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W5410 TO [REV.] CALVIN MCQUESTEN from his sister Ruby
Sep 15 1905 Friday
To: [Rev.] Calvin McQuesten [Muskoka]
From: Ottawa Ladies College

My dearest old Cal,

It is such ages since I've written to you that I must take the very first evening. Here I am back again and have been since Tuesday night. I arrived with great crowds from Toronto two whole trains full and so much baggage that only those who came last like us and had their trunks thrown on top saw them that night. Some waited for two days.

When I found my way here there was a nice surprise--a pretty new green & white striped wall paper with a little flower & white watered paper ceiling & border & I've been trying to make my new & old things live peaceably together. My red & yellow tablecloth is not fond of my wall paper. My Mauve comforter will have nothing whatever to say to the red table-cloth & also sniffs at the pinky brown carpet & they all together make faces at my poor little old screen which is quite dirty-faced from long service.

And Mrs. Innes, dear soul is always giving me the latest of things & so she took away a pretty mauve set on my wash-stand & put in a black and white set so I'm in mourning especially in the morning--Isn't that a sad pun!

We have fine prospects ahead of us, fifty-five boarders at present & lots of day pupils. Cheering about lots of work I fancy. The College is quite fine, so many rooms done over and such a pretty library.

I'm so glad you've been having such a fine summer of it. It was always so cheering to get your letters & know you were so well. And we heard such fine reports of you. I don't think it made me any prouder of you but it made me happier to know you were being thoroughly appreciated as you should be.

Tim [Tom] is [was?] off to lumber camp and Jack MacLaren had been up over Sunday & Monday with him & showed me a whole set of views of the lumber camp & of Paddy P. & gave me one of Tim himself standing with his pike & the logs crowded nearby and the little houses in the rear where they sleep. Poor Tim was so tired of the city and so glad to get off to his dear lumber camp and his old cronies there.1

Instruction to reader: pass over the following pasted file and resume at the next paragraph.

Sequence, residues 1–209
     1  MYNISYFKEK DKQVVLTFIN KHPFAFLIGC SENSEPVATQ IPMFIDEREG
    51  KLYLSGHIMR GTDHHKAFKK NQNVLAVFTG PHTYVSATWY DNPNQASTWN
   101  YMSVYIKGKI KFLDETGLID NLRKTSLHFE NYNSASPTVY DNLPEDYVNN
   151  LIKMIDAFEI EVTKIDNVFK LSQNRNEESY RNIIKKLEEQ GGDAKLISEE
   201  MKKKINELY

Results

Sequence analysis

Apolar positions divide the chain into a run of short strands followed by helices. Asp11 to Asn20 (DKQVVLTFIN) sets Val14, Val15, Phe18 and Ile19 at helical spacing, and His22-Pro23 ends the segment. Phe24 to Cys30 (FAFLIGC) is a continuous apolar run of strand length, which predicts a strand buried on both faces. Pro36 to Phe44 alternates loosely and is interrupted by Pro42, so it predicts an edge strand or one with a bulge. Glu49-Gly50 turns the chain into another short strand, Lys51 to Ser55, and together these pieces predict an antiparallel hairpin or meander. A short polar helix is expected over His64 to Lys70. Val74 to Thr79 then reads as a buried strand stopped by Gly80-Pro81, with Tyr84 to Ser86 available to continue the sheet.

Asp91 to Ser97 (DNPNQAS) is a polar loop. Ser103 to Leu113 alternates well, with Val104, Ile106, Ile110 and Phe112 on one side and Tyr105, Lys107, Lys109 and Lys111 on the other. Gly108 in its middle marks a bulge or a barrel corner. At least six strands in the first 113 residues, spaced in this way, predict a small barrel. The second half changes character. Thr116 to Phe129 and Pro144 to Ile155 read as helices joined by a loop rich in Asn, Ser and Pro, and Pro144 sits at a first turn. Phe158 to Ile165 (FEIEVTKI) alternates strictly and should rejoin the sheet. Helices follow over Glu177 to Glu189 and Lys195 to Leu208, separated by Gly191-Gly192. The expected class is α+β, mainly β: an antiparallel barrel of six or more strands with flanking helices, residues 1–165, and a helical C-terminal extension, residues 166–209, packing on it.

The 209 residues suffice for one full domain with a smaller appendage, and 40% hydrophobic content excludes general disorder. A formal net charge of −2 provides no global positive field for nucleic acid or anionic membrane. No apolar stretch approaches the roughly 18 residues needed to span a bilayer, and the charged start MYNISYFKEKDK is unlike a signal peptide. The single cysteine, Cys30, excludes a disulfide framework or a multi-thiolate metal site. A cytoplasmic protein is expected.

Edna wasn't well this summer & came home very poorly but I hope to hear in my letter to-morrow that she is better.2

I'm well myself and though I plead the excuse of busyness [sic] for not writing to you yet my holidays really set me up & I'm going to do as Tom's friend Joe said when he was pulling up with much effort a small log. "Well Joe what are you doing?"--"As little as possible." So you see I'm in a lazy frame & won't do too much.3

I was downtown the other day & my young Chinaman Sewing Set & four other of the nicest boys in the school have started a store.4 It is really a beautiful store with such lovely things and you should have seen their smiling faces when they saw me come in & told me how well they were doing. They have sold so much & one boy has gone over to China & Japan & another is to go in two months. This is the reward for not working in the restaurant on Sunday I think and I'm so pleased about it.

Well old boy, you'll soon be leaving Muskoka & I think perhaps you will be getting tired of it by the end of Sept. I did wish I could have seen you this summer but I'll just have to add it to the pleasure in store at Xmas time. And time goes so quickly nothing seems far off now.

Don't you be making too many schemes for work in the fall my son. Take your wise sister's advice.

And now I must be off to the post with my letters. With ever so much love and kisses my dearest brother.

Your loving sister,


[P.S.] Write to me soon like a good boy!

1 For Tom's work at the lumber camp, see W4977. This letter indicates that he spent at least part of the summer of 1905 at the lumber camp, which would make three summers that he spent at the lumber camp.

2 Edna inherited the family tendency to suffer breakdowns under stress. For the Edna story see her Bio by clicking on "Family" on the Home Page and then on her picture.

3 Ruby's health has been precarious for several years and she finally came down with "Consumption" and died in 1911 of Tuberculosis. See W6135 and for a bio. of Ruby, click on "Family" on the Home Page and then on her picture.

4 Ruby often tells of teaching the Chinamen and the Japanese imigrants as part of the "Social Gospel" and urban missionary thrust of the age.

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Copyright 2002 Whitehern Historic House and Garden
The development of this website was directed by Mary Anderson, Ph.D. and Janelle Baldwin, M.A.
Please direct questions and comments to Mary Anderson, Ph.D.

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